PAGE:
I have three endorsements for Tuesday’s Democratic runoff election.
First, runoff elections are notorious for their lack of voter participation. It’s vitally important for Democrats to get out the vote in this particular runoff election if only to show they are still viable as a political force in conservative, Republican-dominated Oklahoma.
It should only take a few minutes to vote given the paucity of races. The voter lines shouldn’t be that long even with a robust turnout since the ballot will be short.
The clear choice in the Oklahoma House Representative District 88 race is retired police officer and accomplished writer Paula Sophia, pictured above. The winner in this race will win the overall election because no Republican or Independent filed for the seat. This is important to realize. HD 88 voters are deciding the race tomorrow, not in the general election against a Republican.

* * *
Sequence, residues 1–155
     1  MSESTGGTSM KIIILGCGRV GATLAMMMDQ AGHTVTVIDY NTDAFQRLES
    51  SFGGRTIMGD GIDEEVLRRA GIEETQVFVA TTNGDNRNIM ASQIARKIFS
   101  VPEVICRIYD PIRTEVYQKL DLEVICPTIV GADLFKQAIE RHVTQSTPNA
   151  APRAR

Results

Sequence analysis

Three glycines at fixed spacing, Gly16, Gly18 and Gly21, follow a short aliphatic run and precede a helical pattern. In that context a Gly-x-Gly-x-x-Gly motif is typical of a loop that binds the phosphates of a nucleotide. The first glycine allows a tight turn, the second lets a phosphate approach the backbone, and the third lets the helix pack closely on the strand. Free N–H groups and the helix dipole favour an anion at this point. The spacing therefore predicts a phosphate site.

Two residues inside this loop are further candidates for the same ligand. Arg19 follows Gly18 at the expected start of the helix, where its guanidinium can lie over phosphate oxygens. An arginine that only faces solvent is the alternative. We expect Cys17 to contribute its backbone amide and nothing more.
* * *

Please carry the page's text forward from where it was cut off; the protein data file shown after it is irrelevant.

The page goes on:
Sophia faces Jason Dunnington, a former pastor and a candidate who extols his right-wing religious past as a reason you should vote for him. Don’t we have enough right-wing religious folks at the state Capitol? People I know who have met Dunnington on the campaign trail claim he comes off as charming and impressive, but his past just doesn’t fit with the liberal spirit and funkiness of HD 88, which includes the Paseo and Plaza districts. Dunnington is the candidate that most Republicans, undoubtedly, want to win tomorrow. Remember: The race will be decided tomorrow.